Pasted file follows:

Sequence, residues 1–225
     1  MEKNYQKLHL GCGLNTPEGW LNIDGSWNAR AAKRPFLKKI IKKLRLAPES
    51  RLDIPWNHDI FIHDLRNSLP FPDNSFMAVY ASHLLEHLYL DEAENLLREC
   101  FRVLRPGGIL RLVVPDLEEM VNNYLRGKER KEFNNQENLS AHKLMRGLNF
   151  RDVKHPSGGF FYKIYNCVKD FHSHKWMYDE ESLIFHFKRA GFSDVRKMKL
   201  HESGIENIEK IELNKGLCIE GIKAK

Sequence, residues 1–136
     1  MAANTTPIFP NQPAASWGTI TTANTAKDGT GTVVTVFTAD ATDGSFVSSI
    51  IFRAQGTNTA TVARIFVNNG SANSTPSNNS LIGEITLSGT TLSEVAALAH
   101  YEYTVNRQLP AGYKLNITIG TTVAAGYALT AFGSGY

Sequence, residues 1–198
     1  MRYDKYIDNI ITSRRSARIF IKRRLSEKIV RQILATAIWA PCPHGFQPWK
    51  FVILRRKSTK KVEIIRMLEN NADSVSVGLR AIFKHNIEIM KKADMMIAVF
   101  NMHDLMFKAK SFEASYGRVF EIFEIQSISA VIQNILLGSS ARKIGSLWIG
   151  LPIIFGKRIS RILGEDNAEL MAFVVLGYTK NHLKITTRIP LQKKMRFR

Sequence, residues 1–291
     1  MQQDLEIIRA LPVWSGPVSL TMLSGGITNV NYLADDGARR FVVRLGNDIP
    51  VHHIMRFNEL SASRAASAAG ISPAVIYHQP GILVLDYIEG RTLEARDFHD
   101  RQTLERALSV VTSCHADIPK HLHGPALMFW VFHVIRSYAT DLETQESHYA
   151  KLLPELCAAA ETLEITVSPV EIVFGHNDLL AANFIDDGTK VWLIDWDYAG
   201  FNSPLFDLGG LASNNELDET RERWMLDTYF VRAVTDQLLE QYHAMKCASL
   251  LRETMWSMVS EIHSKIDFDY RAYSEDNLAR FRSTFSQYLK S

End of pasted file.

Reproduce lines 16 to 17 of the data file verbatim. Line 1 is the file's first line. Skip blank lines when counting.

Sequence, residues 1–291
     1  MQQDLEIIRA LPVWSGPVSL TMLSGGITNV NYLADDGARR FVVRLGNDIP